- Assignment to a New Employer: In Pennsylvania, a restrictive covenant not to compete contained in an employment agreement, is confined to the employer with whom the agreement was made, and is not assignable to a new entity which acquires the former employer unless there is specific language permitting assignment in the original agreement.
- Non-Compete Agreements Incident to the Sale of a Business: Courts recognize that parties entering into agreements for the sale of a business generally possess equal bargaining power and these agreements are treated differently and are much more likely to be enforceable.
The kinds of business interests that courts consider to be legitimate and protectable under a restrictive covenant include trade secrets and confidential information. A trade secret may be a formula, pattern, device or compilation of information which is used in a business and which provides the employer an advantage over competitors who do not know the trade secret or do not use it. Examples include a formula for a chemical or a manufacturing process or a customer list. For a trade secret to be recognized it must be substantially secret and provide competitive value to the employer owner. The question of whether information is a trade secret is determined on a case-by-case basis. If a competitor could obtain the information by legitimate means, it will not be given injunctive protection as a trade secret.Non-Solicitation Agreements
Non-solicitation Agreements are designed to restrict former employees from taking an employer's customer or employees to the former employee's new employer. There are two types of non-solicitation agreements. Customer non-solicitation agreements prohibit former employees from initiating any contact with customers of the employer. Employee non-solicitation agreements prohibit former employees from soliciting former colleagues to leave the employer and join a new employer. In the absence of a non-solicitation agreement an employee is generally free to leave an employer and solicit the former employer’s customers and recruit the employer's employees.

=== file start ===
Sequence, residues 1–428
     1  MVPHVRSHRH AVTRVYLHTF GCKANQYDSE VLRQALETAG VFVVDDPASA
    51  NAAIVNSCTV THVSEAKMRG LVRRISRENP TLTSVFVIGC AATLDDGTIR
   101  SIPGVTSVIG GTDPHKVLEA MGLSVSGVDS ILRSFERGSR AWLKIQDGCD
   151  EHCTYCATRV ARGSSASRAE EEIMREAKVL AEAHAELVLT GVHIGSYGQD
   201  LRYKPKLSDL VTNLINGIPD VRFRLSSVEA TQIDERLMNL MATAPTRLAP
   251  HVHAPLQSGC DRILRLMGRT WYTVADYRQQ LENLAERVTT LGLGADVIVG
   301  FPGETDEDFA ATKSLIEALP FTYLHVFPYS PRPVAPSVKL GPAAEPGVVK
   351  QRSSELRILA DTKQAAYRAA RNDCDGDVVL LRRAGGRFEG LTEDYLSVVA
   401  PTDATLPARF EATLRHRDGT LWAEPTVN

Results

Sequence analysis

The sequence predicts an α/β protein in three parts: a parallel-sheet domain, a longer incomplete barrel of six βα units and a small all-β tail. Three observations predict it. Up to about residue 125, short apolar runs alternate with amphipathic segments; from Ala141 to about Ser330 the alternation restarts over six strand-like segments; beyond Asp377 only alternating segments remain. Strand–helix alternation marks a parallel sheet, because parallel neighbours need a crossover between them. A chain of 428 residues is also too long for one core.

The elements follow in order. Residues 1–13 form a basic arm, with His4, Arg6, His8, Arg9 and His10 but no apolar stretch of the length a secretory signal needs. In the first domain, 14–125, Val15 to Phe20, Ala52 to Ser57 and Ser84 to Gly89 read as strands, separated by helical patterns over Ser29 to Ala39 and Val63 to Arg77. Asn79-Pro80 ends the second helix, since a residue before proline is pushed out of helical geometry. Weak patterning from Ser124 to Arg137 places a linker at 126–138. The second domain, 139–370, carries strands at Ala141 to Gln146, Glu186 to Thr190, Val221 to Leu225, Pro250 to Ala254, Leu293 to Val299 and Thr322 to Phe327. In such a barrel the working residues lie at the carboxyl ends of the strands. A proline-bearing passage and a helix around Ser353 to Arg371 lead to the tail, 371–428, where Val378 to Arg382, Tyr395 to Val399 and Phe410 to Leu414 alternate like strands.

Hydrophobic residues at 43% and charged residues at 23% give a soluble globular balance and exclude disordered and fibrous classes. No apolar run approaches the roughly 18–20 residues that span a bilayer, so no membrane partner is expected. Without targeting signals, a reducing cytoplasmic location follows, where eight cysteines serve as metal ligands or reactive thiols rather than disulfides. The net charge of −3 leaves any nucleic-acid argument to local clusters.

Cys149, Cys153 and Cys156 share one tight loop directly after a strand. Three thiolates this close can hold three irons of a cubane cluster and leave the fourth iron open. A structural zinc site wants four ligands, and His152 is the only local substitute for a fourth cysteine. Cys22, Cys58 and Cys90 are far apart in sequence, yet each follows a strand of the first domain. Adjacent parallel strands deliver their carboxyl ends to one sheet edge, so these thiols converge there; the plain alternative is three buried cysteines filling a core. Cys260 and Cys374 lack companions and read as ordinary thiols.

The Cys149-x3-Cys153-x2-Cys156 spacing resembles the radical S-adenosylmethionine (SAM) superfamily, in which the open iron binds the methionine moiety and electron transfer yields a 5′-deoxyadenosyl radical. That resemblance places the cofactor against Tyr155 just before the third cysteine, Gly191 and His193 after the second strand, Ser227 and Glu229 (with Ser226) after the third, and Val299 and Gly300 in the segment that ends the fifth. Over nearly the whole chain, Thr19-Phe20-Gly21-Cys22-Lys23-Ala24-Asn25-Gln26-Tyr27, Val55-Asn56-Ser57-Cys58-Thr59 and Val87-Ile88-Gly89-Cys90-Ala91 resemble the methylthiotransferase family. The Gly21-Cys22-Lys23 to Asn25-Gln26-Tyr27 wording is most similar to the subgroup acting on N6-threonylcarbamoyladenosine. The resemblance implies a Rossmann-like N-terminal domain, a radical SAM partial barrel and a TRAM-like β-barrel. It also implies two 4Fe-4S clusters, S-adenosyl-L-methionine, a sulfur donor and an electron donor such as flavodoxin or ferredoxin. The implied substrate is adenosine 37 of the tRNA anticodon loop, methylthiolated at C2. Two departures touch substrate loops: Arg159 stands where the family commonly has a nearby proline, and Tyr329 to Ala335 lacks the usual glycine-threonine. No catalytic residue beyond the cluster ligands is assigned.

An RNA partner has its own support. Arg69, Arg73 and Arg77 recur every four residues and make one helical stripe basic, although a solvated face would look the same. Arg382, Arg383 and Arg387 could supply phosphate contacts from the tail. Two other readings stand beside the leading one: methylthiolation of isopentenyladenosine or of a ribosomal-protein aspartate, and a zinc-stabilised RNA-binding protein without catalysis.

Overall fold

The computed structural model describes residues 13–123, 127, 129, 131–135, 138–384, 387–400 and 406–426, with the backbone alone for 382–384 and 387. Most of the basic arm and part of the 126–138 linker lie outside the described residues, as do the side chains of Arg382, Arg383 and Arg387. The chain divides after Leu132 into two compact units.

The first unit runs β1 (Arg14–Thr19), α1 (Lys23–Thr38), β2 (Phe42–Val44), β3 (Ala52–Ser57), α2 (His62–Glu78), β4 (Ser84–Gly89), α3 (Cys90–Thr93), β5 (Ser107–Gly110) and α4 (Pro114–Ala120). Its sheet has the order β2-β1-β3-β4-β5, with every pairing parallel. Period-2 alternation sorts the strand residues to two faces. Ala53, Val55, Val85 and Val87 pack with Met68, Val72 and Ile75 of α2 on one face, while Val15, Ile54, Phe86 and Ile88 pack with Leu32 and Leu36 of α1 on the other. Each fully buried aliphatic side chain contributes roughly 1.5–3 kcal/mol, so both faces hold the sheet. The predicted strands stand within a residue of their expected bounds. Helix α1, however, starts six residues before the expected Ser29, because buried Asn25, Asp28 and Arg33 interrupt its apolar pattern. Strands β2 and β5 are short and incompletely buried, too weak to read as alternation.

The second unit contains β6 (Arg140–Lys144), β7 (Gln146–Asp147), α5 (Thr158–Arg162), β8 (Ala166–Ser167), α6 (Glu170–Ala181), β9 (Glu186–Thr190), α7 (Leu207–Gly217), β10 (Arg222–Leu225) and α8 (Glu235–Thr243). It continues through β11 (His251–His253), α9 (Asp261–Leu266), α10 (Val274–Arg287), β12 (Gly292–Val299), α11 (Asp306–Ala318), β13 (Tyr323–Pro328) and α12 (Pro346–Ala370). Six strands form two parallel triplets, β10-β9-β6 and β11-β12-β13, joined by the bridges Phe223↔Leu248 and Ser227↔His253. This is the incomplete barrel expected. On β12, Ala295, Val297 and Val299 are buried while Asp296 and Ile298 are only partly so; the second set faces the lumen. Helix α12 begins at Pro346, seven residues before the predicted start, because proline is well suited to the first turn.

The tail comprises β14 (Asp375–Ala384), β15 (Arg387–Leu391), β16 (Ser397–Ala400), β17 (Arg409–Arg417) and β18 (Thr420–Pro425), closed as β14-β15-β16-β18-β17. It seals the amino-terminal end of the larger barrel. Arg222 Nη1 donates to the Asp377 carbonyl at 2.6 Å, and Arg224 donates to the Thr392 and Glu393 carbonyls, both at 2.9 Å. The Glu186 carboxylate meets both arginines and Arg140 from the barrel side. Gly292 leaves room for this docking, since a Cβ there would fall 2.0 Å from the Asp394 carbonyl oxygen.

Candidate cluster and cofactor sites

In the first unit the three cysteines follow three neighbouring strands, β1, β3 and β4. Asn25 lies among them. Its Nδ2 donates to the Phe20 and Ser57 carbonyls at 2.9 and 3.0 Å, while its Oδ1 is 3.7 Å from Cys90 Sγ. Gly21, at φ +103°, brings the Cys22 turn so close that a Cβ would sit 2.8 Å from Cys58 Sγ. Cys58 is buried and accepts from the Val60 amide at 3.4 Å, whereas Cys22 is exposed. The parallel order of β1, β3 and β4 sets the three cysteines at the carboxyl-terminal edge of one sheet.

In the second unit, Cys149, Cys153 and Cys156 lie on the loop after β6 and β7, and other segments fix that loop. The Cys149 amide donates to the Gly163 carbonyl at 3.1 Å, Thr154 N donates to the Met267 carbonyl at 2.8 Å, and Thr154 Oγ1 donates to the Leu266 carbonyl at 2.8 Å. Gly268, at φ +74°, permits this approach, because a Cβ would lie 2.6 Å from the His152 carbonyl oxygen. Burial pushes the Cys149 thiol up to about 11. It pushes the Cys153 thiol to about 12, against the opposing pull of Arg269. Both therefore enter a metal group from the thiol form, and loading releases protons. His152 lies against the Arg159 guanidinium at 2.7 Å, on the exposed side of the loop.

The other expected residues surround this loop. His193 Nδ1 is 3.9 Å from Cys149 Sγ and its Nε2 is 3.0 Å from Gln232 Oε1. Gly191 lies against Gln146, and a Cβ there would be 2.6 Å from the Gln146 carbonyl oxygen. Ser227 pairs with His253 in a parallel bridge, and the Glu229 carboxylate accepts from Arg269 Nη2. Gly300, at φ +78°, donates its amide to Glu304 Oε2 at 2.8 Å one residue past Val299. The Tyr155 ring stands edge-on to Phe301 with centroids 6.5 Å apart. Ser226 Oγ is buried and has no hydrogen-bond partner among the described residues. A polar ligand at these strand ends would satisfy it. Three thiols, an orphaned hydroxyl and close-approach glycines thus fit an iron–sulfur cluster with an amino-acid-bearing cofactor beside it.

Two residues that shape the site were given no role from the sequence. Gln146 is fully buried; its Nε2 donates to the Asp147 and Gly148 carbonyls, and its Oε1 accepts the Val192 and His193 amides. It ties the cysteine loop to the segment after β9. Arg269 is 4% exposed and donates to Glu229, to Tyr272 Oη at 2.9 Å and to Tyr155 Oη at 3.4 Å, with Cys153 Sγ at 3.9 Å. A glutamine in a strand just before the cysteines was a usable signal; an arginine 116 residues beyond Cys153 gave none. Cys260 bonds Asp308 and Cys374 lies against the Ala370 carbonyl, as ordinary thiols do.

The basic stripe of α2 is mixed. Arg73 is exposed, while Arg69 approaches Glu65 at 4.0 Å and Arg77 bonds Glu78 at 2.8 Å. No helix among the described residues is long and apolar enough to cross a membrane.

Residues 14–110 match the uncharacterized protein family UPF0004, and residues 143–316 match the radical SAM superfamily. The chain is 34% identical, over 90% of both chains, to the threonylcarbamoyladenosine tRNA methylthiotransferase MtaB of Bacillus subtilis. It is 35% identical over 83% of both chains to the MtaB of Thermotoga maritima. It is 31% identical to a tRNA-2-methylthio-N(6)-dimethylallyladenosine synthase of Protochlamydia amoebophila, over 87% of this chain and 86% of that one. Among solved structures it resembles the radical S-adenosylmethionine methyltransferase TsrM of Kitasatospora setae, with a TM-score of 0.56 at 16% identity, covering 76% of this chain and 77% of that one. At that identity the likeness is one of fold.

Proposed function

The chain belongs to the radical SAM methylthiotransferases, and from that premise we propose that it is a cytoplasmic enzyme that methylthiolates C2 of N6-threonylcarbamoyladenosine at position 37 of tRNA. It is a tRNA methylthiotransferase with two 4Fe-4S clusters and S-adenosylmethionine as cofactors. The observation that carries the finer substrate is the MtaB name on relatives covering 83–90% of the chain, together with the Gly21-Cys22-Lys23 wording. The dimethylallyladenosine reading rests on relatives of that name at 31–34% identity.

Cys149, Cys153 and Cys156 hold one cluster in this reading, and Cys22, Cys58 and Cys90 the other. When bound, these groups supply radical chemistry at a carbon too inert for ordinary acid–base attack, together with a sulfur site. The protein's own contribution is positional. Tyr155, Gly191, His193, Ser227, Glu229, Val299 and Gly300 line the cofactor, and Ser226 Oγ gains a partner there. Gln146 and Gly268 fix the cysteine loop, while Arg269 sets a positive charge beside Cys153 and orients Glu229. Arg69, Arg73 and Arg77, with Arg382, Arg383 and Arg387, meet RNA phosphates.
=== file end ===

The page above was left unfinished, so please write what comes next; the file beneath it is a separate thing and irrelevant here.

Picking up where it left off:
In Pennsylvania non-solicitation agreements are enforceable if the agreement is incident to an employment relationship between the employer and employee; the agreement is supported by consideration which may include an initial offer of employment or a beneficial increase in the terms and conditions of employment; the agreement is reasonably necessary to protect the employer's legitimate interests; the agreement is reasonable in duration and geographic scope.Preliminary Injunctions and Non-Compete Agreements / Restrictive Covenants
There is most often a unique expedited litigation process when an employer seeks to attempt to enforce a non-compete agreement / restrictive covenant. Employers argue that they will suffer immediate harm by an employee who violates a non-compete agreement. Consequently, employers file preliminary injunctions to attempt to obtain immediate relief. Preliminary injunctions are temporary court orders during the pendency of litigation which courts sometimes enter until a final decision regarding a cause of action is made. In order for an employer to obtain a preliminary injunction against former employee, the employer must establish that: (1) the injunction is necessary to prevent immediate and irreparable harm that cannot be adequately compensated by money damages; (2) greater injury will occur from refusing to grant the injunction than from granting it; (3) the injunction will restore the parties to their status quo as it existed before the alleged wrongful conduct; (4) the employer is likely to prevail on the merits; (5) the injunction will reasonably serve to enforce a restrictive covenant; and (6) the public interest will not be harmed if the injunction is granted.
We frequently consult with clients when issues arise concerning a Non-Compete Agreements, Restrictive Covenants, Trade Secrets, Non-Solicitation Agreements and Preliminary Injunctions. Call us today at 267-470-4742 or contact us online to discuss your legal options.